- May 13th. 2013
- By Thomas Shue
A Focus Stacking Workflow For Lightroom And Photoshop
The Tip I Want In Focus
The Base Petals I Want in Focus
Have you ever taken a picture and wished you had enough depth of field so several things could be focus at the same time? An example is when you shoot a flower, you can focus on the edge of the petals, but the tip of the center will be out of focus. The same is also true if you focus on the center of the flower, the petals will then be out of focus. There is just no amount of depth of field that will carry focus in that situation. A tilt shift lens help a little, but your out of focus blur shifts from a front to back situation, to a vertical one. This focusing problem holds true for landscapes, bees, heck anything that you can focus on.
In the macro world they learned long ago to use a technique during capture called Focus Stacking. Focus Stacking a system used during capture that allows you to extend depth of field that is impossible any other way. There is even special software (Helicon is top of the food chain for this) to automate the focus stacking postwork process. The whole idea is to work from a tripod and to shoot an object that does not move. The idea is to work your way from one end of the object to the other, rotating the focus ring just a little at a time, ending up with a series of images that when processed will show your object completely in focus. It sounds complicated but it isn’t, it’s just tricky for me to explain in words.
There are special nodal and macro rails to insure you cover your object in it’s entirety. However, there is no need to take it that far in order for this technique to be an effective tool for your image making tool box. Heck you don’t even need a tripod in most cases, just be sure to shoot loose around the edges of the frame. The reason is, you’ll need to crop your final image in order compensate for any misalignment issues created during capture. Remember, no tripod equals framing issues, thank goodness we have Photoshop to save our butts.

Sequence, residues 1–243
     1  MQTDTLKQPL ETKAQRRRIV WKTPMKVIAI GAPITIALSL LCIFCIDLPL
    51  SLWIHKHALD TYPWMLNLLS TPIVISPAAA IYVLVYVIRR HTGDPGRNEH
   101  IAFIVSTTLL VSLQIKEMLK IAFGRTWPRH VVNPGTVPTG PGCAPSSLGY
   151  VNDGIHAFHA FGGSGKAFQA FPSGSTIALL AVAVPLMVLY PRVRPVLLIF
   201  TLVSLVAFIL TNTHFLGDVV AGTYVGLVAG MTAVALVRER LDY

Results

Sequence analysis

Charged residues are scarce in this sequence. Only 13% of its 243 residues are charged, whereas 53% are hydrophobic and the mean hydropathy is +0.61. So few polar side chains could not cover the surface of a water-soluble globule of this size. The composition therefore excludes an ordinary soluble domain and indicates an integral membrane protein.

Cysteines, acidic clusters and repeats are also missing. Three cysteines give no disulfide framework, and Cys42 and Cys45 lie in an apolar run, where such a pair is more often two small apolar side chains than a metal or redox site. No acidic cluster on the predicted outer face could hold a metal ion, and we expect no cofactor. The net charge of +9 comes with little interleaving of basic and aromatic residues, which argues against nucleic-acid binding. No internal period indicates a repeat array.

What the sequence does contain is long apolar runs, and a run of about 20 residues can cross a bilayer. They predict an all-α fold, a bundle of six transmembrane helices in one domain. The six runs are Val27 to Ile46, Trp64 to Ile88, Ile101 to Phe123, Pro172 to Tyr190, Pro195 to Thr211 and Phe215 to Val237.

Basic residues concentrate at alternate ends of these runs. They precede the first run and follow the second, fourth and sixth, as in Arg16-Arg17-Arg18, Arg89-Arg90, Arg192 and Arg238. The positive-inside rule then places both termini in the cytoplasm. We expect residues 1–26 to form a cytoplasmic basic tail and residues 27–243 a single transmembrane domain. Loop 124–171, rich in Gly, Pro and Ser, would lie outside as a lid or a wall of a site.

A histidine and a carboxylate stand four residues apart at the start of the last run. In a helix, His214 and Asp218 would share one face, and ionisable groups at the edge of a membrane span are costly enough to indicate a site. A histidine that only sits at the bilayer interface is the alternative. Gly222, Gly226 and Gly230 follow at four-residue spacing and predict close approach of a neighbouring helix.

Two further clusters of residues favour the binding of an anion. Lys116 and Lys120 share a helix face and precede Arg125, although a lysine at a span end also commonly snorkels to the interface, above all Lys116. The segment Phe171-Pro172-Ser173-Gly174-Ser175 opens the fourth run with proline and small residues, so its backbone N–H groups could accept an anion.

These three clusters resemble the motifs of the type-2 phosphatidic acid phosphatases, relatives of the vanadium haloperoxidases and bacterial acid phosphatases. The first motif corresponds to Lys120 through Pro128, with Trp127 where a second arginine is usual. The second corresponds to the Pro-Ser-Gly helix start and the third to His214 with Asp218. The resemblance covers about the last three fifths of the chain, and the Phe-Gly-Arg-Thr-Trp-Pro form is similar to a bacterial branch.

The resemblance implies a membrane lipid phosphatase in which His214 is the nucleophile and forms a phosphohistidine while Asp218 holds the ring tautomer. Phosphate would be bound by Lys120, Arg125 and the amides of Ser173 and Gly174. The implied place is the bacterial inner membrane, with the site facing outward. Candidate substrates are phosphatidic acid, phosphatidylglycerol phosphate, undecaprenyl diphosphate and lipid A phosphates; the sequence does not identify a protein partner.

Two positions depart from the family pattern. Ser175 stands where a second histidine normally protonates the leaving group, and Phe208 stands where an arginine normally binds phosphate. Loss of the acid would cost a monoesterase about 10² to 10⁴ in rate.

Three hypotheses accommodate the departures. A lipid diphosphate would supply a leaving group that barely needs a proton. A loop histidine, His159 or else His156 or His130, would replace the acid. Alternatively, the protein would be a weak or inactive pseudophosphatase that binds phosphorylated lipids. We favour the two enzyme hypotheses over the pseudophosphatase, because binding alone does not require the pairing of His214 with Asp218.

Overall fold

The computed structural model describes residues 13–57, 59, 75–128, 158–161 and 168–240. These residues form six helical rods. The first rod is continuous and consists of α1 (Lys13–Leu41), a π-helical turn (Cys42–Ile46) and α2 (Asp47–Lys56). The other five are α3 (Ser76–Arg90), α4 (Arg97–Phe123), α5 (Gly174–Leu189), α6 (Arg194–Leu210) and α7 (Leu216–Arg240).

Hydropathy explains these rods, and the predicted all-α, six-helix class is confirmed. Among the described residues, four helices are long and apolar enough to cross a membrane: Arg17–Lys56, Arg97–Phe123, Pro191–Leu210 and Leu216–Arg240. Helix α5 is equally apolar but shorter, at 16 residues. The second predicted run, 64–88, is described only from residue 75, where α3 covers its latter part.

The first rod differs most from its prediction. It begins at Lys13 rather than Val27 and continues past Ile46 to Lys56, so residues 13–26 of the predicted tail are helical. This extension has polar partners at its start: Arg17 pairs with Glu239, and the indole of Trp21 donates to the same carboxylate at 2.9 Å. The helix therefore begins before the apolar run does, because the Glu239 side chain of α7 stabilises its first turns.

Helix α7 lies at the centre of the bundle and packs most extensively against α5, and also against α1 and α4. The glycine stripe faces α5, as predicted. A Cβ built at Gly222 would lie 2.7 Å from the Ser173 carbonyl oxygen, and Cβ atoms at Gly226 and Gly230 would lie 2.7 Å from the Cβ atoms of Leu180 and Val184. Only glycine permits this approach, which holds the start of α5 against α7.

In the video below, I shot a hand-held sequence of images of a hibiscus. All I wanted was to have the tip of the flower (stigma pads & pollen sax) to be in focus along with the base petals of the flower. I was able to focus stack only two images in order get the final image I was after. The whole time I was shooting, I envisioned two images, an old-looking black and white, and a 1970′s faded velvia saturated vivid color shot. I am not quite sure I was able to pull it off in post, but I am happy. Just remember I was not shooting this for a job, I was shooting it because I just liked the flower and was hoping to make a print.
Sometimes you just grab the camera and have some fun, even if it’s shooting a simple flower. If you are anything like me, you will feel uneasy with the world if you don’t have your camera in hand making a picture at least once in a day. Thanks for taking time to stop by today. I hope whatever it is you’re doing today is fun and exciting and this post was able to help in some way. Sincerely, Thomas Shue
Below are the two finished images of the flower. Sometimes I just have to get this stuff out of my head so I can move on. So, do ya think I was able to pull off my vision? I would love to hear from you.
The B&W From My Vision
The 1070″s Faded Velvia Vision